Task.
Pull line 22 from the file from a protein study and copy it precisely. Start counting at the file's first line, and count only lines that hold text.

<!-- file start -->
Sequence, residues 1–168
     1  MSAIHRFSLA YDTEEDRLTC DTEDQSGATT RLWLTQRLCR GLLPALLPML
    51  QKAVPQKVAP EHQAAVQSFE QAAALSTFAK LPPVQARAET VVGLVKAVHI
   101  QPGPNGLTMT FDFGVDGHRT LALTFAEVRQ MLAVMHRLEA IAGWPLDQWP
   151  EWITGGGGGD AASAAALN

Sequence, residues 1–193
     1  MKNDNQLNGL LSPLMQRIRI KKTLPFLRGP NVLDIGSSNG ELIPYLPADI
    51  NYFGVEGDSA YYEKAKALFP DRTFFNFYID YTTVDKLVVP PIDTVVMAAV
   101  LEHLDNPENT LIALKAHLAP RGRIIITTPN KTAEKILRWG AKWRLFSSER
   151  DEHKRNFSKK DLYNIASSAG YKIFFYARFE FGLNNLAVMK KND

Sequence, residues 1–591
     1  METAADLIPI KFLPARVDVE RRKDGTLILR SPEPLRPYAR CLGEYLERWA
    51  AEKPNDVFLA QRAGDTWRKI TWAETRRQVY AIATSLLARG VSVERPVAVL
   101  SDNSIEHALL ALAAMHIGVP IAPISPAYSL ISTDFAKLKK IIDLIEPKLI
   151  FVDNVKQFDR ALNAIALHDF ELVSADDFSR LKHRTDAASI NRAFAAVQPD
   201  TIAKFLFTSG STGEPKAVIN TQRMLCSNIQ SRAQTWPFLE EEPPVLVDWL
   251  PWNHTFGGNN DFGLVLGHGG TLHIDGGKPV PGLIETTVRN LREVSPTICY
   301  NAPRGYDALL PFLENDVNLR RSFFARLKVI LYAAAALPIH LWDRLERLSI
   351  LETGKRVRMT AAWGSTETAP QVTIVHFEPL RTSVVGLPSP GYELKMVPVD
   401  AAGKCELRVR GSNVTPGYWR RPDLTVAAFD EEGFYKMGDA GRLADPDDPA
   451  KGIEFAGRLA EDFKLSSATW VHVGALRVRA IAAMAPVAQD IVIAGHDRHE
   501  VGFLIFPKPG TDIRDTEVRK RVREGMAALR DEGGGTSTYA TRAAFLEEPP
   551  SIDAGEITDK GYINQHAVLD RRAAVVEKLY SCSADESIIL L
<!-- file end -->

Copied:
   501  VGFLIFPKPG TDIRDTEVRK RVREGMAALR DEGGGTSTYA TRAAFLEEPP